Social Sites Defined
There are a bewildering array of social media sites. In this post, we define many of the popular sites and terms your company should be familiar with. This is the second in a series of excerpts from our book, Be a Person: the Social Media Operating Manual for Enterprises.
The book (itself part of a series for different audiences), is available in paper form at http://bit.ly/OrderBeAPerson save $5 using Coupon Code 62YTRFCV
Social networking sites will come and go, but approaches to going social can be adapted for any site. With that said, let’s take a look at some of the most popular and useful social sites and concepts out there, and give some quick definitions.
Facebook is the largest social networking site by far, with more than half a billion users. Many of its users use the site to keep up to date with friends and to “follow” celebrities, popular TV shows and movies, and causes. However, many use Facebook for serious purposes such as recruiting talent, selling products, and creating communities around brands or products.
The major features of Facebook include friending – connecting with other users so that you can see their activities; posting statuses – short blurbs about what you are doing or interested in; reading what others are posting in your News Feed, a constantly updating timeline of the comments and activities of your friends; and playing online games such as Mafia Wars and Farmville.
LinkedIn is the most professional of the popular social networks. Users tend to be more affluent and influential, and more of their interactions involve some business purpose rather than being purely social. LinkedIn is a great place to prospect for talent, find partners and customers, and find volunteers and donors. LinkedIn is organized around your user profile, which is like a resume on steroids. In addition, users’ profile pages feature a News Feed similar to Facebook’s as well as any number of plug-in applications such as Reading List by Amazon, SlideShare, blogs, and others.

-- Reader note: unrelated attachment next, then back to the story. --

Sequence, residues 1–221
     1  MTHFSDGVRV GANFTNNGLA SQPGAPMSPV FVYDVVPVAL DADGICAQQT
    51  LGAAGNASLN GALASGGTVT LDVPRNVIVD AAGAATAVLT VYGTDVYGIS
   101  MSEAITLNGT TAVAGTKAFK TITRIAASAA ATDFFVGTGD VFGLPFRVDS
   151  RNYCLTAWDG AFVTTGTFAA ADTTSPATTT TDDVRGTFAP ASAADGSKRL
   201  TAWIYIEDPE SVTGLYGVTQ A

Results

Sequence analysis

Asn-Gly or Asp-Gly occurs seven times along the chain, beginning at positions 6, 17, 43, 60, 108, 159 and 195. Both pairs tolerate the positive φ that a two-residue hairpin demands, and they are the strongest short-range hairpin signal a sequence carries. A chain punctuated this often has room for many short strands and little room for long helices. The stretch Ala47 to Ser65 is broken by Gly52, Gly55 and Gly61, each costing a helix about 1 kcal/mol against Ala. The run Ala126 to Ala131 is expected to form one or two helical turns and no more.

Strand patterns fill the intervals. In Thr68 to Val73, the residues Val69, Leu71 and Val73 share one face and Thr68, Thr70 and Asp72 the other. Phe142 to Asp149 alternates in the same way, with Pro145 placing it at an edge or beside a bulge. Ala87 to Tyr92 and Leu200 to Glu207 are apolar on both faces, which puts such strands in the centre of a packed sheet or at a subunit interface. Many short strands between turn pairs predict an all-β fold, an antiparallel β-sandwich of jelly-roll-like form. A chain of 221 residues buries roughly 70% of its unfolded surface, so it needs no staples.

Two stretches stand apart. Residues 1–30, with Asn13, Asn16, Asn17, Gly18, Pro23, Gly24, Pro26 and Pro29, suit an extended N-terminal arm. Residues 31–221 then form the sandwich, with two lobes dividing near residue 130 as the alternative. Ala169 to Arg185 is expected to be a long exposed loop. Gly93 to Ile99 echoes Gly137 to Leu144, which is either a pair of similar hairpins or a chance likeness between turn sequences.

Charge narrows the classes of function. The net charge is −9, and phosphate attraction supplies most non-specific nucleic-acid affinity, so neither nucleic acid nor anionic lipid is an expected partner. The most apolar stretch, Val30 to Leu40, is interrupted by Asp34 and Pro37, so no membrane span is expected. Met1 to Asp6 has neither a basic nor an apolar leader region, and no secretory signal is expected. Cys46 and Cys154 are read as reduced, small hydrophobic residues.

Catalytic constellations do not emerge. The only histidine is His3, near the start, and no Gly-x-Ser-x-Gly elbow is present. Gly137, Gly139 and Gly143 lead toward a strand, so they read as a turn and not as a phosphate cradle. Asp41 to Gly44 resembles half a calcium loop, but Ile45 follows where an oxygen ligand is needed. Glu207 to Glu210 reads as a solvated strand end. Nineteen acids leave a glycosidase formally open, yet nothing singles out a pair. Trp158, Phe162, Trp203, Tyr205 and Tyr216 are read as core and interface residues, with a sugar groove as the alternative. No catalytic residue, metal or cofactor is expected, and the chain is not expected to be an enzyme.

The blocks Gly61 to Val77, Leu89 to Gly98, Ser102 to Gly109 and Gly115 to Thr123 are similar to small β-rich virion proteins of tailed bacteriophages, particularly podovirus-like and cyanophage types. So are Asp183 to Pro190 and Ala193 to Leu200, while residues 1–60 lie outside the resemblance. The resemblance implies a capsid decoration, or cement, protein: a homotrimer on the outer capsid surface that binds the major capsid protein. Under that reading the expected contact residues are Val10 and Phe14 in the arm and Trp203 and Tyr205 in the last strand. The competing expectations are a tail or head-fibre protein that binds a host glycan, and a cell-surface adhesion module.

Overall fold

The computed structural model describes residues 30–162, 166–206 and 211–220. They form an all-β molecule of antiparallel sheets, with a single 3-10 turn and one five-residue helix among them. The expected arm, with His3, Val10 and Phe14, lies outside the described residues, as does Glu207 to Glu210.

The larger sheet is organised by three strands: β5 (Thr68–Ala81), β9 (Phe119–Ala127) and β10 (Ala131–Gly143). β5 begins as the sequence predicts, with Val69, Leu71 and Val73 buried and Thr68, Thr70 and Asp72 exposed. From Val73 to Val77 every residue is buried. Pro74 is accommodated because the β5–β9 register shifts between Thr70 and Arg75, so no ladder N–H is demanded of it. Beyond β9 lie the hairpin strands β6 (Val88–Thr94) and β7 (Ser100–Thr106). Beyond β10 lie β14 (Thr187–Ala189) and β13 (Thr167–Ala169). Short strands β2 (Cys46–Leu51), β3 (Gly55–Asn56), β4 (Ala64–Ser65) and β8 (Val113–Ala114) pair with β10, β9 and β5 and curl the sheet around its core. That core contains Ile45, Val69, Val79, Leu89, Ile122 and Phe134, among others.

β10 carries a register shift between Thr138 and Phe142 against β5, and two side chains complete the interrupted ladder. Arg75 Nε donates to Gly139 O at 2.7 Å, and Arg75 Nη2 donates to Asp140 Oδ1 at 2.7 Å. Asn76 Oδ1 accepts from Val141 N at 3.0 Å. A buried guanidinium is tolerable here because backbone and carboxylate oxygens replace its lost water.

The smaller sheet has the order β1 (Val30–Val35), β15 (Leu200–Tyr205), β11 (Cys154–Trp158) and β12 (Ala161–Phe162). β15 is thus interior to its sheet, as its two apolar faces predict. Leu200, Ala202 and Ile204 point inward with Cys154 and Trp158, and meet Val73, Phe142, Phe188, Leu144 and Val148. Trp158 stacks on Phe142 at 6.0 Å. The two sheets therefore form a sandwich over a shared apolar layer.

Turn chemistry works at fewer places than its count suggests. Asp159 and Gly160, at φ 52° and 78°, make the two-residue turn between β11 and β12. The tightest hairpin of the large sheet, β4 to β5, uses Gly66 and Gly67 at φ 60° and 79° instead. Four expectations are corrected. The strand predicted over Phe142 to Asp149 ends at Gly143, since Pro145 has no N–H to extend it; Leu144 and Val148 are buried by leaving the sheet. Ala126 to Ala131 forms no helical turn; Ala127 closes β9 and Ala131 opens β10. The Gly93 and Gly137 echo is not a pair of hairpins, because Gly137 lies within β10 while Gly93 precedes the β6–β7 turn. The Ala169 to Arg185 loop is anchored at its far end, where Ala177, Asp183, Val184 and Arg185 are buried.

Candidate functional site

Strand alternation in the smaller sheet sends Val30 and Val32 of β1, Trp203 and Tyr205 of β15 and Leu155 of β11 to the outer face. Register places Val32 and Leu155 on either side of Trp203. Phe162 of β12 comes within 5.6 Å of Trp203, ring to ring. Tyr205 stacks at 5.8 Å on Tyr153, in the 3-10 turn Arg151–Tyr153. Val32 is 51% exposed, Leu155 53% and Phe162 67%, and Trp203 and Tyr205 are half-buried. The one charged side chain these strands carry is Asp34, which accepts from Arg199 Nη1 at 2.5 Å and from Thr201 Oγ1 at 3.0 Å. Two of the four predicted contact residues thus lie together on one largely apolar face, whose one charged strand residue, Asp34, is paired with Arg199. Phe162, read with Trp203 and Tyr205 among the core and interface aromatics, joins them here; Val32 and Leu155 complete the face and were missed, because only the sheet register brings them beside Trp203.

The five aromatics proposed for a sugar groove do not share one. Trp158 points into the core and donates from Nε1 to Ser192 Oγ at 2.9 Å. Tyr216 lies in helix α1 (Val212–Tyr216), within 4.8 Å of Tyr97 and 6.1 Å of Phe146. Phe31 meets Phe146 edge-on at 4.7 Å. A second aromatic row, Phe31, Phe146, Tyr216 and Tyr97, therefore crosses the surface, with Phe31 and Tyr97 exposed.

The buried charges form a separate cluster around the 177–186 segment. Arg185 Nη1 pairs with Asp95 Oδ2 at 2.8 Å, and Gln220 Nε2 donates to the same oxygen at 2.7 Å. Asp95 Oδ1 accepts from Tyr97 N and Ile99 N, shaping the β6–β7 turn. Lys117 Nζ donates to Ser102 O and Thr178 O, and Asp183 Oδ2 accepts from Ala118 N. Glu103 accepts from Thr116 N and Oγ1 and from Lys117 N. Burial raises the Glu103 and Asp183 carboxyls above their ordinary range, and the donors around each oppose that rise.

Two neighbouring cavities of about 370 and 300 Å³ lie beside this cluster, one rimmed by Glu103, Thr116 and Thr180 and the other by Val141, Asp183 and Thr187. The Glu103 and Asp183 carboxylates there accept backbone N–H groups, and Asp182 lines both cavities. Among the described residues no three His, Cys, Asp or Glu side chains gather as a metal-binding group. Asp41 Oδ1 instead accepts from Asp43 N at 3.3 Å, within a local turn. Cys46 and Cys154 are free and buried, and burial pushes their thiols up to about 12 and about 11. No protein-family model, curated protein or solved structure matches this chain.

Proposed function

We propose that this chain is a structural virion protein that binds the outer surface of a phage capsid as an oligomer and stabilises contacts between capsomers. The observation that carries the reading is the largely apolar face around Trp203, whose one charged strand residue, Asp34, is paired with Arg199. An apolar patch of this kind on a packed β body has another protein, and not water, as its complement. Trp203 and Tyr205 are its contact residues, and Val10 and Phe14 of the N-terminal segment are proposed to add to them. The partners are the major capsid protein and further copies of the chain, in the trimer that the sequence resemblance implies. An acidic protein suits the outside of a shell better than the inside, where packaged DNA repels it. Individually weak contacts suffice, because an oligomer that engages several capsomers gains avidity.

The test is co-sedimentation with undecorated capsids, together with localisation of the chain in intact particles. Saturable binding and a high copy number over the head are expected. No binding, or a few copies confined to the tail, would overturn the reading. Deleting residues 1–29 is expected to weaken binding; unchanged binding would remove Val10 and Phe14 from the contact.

LinkedIn has many features that enable you to find and connect with other users, but you are limited in the number of people you can contact directly and/or connect with. LinkedIn uses a principle of three degrees of separation: those you are connected to are your first degree network; those that your connections are connected to are your second degree network; those who are connected to your second degree network are your third degree network.
You can only directly contact your first degree network, but can ask those contacts for help in connecting to people in your second or third degree network.
One of the most useful aspects of LinkedIn is their Groups function. Anyone can create a group and invite like-minded people to join. It’s a great way to meet others who share your interests. Another useful function is LinkedIn Answers, which enable users to ask and answer questions on any subject.
Twitter is what is known as a microblogging social network. Members post messages of up to 140 characters (known as tweets) and those who follow them see the messages in their News Feeds. Often derided as shallow, trivial, and boring, Twitter is used for talent acquisition and all sorts of business and professional functions, including organizing online and offline events, and spreading the word about products and brands.
People who follow your tweets are called followers, and if they like a tweet they may retweet it – repeat it – to their followers. You can find people to follow by using the Twitter Website’s search function to search for words or phrases, or for special keywords called hashtags. Hashtags are created by putting a pound sign (#) in front of a word, for example #nonprofit. People do this so their tweets can be associated with others on a similar topic. For example, many recruiters post their job openings on Twitter using the hashtag #job.
Twitter is often used to call attention to a Website or a blog or other online destination. With only 140 characters to play with, it’s hard to say anything complicated, and thus Twitter often serves as an advertisement for lengthier treatments of a subject.
Twitter Directories – WeFollow, Twellow, etc.
Twitter has spawned its own universe of related sites, including many different sites dedicated to helping users find tweets and tweeps (people on Twitter) of interest. Directories like WeFollow and Twellow enable users to list themselves, add tags describing their interests, and use tags to search for tweeps that share their interests.
A tweetup is not a site, but rather an offline gathering organized via Twitter. Organizations as diverse as NASCAR, NASA, and non-profits such as GiveMN and Maui Food Bank have used tweetups. Tweetups offer a chance for people who may only know one another virtually to meet in person. It’s a great idea for enterprises because it can solidify interest and support for your cause.